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NEW Melbourne rail operator MTM could deliver a worse service than current operator Connex and still meet its contractual obligations to improve the network.
MTM's deal with the State Government, signed off last month, means it must cut cancellations by 24 per cent and improve punctuality by 10 per cent in its first year.
But its performance will be compared with the 12 months to July 2009, meaning it will be measured against a year that included thousands of services cancelled and delayed by a catastrophic heatwave that brought the network to a standstill during summer.
In the three months since the benchmark was set, Connex has met its performance targets and delivered some of the lowest cancellation rates to date. It has also improved punctuality by almost 10 per cent.
This means that the standards promised by MTM, a group that includes Hong Kong-based MTR, are actually lower than the present cancellation rate and virtually identical to the present punctuality rate of 92.4 per cent.
MTM must reduce the number of cancelled services each week to about 128 under the promised improvements.
But the recent turnaround means that cancellations have already been slashed by about 77 trains a week in the three months since the benchmark was set. Similarly, about 981 trains have run late each week since early July, just 11 more than MTM's target figure.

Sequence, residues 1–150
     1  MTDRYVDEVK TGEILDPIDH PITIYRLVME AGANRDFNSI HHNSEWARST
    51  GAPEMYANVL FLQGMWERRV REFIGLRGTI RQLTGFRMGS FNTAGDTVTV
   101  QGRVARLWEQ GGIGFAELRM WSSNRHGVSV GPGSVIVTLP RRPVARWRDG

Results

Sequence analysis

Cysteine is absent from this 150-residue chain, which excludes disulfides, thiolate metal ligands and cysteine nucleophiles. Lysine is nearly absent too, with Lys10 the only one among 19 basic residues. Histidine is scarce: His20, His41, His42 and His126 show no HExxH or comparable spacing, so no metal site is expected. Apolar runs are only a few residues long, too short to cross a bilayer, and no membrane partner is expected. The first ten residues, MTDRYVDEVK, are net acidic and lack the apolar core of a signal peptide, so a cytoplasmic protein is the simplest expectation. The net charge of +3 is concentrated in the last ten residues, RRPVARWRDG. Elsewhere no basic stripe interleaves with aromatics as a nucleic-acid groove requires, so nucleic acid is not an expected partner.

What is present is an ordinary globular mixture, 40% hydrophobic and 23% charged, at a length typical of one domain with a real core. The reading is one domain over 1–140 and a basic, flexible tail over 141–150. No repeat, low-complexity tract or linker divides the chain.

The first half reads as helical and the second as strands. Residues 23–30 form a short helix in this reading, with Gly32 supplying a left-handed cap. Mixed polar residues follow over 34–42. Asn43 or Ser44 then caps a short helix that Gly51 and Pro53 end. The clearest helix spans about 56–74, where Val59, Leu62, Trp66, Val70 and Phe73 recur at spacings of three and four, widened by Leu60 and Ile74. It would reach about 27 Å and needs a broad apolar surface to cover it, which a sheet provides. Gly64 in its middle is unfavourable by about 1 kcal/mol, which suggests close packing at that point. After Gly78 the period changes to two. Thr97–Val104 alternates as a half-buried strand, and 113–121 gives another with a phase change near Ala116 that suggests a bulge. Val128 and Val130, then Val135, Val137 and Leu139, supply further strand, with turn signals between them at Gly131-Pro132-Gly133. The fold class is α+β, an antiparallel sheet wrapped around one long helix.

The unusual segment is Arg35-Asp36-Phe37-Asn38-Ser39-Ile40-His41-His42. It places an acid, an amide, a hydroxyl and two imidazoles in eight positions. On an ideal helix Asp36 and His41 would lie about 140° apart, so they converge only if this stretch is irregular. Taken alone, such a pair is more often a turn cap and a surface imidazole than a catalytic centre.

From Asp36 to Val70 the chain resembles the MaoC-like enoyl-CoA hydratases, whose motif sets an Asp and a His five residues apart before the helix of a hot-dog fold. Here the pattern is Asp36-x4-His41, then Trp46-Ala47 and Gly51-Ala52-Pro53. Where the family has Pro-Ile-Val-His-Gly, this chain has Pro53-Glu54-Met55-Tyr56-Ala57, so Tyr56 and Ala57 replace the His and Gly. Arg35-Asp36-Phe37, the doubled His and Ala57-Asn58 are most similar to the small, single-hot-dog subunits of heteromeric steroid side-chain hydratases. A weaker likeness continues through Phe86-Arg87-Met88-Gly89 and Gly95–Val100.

President of the Public Transport Users Association Daniel Bowen said it would be disappointing if MTM could not deliver a better performance than Connex had recently. ''Connex has had a reasonable run lately but it wasn't brilliant,'' he said.
An MTM spokeswoman said the performance of the network was subject to weather, and the operator was confident it would continue to improve reliability.
A Transport Department spokesman said failure to meet its obligations could see MTM ''called in'' and would affect the chances of its eight-year contract being extended.
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